Unlike most temples in the Angkor complex, Ta Prohm has been left undisturbed, much as it was when first found. The current structure dates from 1186 A.D. and was built by King Jayavarman VII in honour of his mother. According to the Sanskrit writings on the walls, the area was home to more than 12,500 people, including over 600 dancers, and at the height of Khmer power the temple held thousands of pearls, precious stones and golden dishes. After the fall of the Khmer empire in the 17th century the temple was abandoned until its discovery in the late 19th century.
Angkor Wat Temple and Jungle Encorachment at Ta Prohm
Ta Prohm Temple Complex Cambodia, is one of the most atmospheric places in Angkor Wat where the jungle creeps remorselessly through the ruins of the buildings to reclaim the land.
Discovery of Ta Prohm in late 19th century
In the late 19th century Ta Prohm was discovered by the French but fortunately for today’s visitors they decided not to do a full-scale restoration of the temple. This was partly because giant trees, such as ficus and silk tree, were so merged with the ancient buildings and walls that they seemed as one. We now see this unique complex in a somewhat similar state to what it was when originally discovered. Much later it was decided that Ta Prohm would be left “as a concession to the taste for the picturesque” as it it had merged well with the jungle. Work has had to be done however, to stabilize the ruins.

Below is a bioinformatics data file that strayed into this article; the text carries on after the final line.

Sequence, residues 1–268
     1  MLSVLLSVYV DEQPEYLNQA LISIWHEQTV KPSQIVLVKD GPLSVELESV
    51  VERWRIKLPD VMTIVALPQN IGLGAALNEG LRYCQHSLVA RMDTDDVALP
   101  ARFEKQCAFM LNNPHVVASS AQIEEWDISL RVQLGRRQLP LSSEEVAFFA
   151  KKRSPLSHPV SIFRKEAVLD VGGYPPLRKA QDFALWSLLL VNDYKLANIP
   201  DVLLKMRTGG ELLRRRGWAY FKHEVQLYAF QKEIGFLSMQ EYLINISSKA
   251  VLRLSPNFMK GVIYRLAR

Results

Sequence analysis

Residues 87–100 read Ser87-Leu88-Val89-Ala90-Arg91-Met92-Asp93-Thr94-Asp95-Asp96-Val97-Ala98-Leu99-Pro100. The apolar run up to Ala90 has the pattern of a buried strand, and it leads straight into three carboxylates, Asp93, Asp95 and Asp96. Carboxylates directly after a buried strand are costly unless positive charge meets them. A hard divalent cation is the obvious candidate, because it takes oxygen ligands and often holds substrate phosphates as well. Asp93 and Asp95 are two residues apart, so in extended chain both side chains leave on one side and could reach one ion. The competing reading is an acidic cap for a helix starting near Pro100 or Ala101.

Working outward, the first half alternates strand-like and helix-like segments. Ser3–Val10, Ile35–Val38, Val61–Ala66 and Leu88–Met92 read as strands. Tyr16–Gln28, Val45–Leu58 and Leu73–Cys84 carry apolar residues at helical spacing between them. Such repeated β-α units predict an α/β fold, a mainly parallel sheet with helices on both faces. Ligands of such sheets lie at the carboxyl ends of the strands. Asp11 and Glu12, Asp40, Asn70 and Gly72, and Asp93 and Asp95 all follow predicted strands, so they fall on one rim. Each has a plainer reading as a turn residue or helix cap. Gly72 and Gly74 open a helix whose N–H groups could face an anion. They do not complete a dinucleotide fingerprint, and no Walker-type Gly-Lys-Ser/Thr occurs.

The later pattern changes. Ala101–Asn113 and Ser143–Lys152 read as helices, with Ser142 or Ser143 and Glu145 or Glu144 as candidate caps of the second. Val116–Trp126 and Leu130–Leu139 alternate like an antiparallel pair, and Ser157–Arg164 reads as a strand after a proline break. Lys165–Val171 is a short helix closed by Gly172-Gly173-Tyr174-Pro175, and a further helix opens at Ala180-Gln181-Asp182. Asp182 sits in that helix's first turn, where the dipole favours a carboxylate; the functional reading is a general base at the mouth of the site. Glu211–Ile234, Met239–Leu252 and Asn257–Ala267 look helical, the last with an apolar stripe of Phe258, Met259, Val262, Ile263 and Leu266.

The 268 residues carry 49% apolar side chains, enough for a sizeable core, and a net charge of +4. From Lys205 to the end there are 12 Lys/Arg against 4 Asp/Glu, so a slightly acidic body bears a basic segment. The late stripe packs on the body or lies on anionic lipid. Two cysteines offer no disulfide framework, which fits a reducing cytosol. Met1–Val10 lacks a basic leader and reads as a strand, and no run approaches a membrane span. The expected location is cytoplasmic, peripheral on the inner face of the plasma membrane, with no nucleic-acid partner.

Like an octupus the roots penetrate the stone walls
With minimal restoration, stone pillars and carvings intertwine with massive tree roots and jungle. It is both awesome and inspirational as we see the power of nature to reclaim what is hers.
Lara Croft: Tomb Raider was filmed among these ruins
Ta Prohm is known to manywho have not travelled to Cambodia and visited Angkor Wat and many of these images will be familiar to them: the reason? Some of the most impressive scenes in the famous blockbuster film Lara Croft: Tomb Raider were created in and among the ruins.
The cinematic adventures if Lara Croft took place among this series of stone walls, fallen temples and pillars that are held in the iron clasp of gigantic roots that seem to squeeze the very essence of the stones. If viewed at dusk, it is not fanciful to say that they appear malevolent.
Look beyond the jungle encroachment though and you find walls decorated with carvings of sensuous celestial nymphs and delightful figures peering out of niches in the remaining walls and with a little bit of imagination one can picture the scene in the 12th and 13th centuries when the Kyhmer kingdom was at its height.